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"Dem Deutschen Volke" (To the German People)

The Story of the Loevy Bronze Foundry from Berlin


photo

Franz Linkhorst, S.A. Loevy in front of the skulpture "heavenly twins" for the embassy in St. Petersburg, Berlin 1912
© private loan

Everyone knows the inscription "Dem Deutschen Volke" on the Reichstag building, but few know its history. It was mounted on the western facade in 1916 more than 20 years after the completion of the building in 1894. The company S. A. Loevy - one of the most renowned bronze foundries of the time - was commissioned to cast the inscription.

In its temporary exhibition, the Jewish Museum Berlin told the story of the bronze-foundry-family Loevy spanning four generations: its ascent to bourgeoisie, its futile attempts at being regarded as equal Germans, and its fate after 1933 when numerous family members were persecuted, murdered, or forced to emigrate. These include Leo Kopf, composer and choral conductor in several Berlin synagogues, and Erich Gloeden who was sentenced to death by the Volksgerichtshof (People's Court) in 1944 for hiding a General involved in an attempt to assassinate Hitler.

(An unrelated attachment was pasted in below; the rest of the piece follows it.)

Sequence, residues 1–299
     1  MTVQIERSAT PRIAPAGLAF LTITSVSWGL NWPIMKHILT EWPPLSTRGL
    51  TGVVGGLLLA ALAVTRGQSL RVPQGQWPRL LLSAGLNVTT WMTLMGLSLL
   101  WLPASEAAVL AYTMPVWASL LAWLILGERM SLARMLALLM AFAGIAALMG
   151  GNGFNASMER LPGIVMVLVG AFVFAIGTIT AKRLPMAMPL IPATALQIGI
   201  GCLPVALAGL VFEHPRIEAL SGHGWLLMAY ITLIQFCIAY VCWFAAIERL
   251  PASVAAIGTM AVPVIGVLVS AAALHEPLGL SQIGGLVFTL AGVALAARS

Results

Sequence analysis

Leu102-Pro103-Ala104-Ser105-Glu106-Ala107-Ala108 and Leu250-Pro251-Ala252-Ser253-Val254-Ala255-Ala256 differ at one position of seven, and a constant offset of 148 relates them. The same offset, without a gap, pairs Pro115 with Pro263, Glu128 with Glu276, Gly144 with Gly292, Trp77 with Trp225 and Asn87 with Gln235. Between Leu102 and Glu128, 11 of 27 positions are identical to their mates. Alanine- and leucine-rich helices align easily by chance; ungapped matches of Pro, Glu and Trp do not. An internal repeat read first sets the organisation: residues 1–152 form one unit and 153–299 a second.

The exhibition also presented the entrepreneurial and artistic achievements of the company. Founded in 1855, S. A. Loevy received commissions for numerous prominent buildings, among them the German Embassy in St. Petersburg. From 1923 onwards he was also commissioned by Walter Gropius to produce the famous Gropius door handle - a design icon of the 20th century. Traces of the company - forgotten since 1933 - can still be found in numerous buildings in Berlin.

When

21 March 2003 - 15 July 2003

Accompanying the exhibition, we published a book of essays by Michael S. Cullen, Joachim Schlör, Armin D. Steuer, Harald Wetzel, and Raymond Wolff and a catalogue on CD-ROM.

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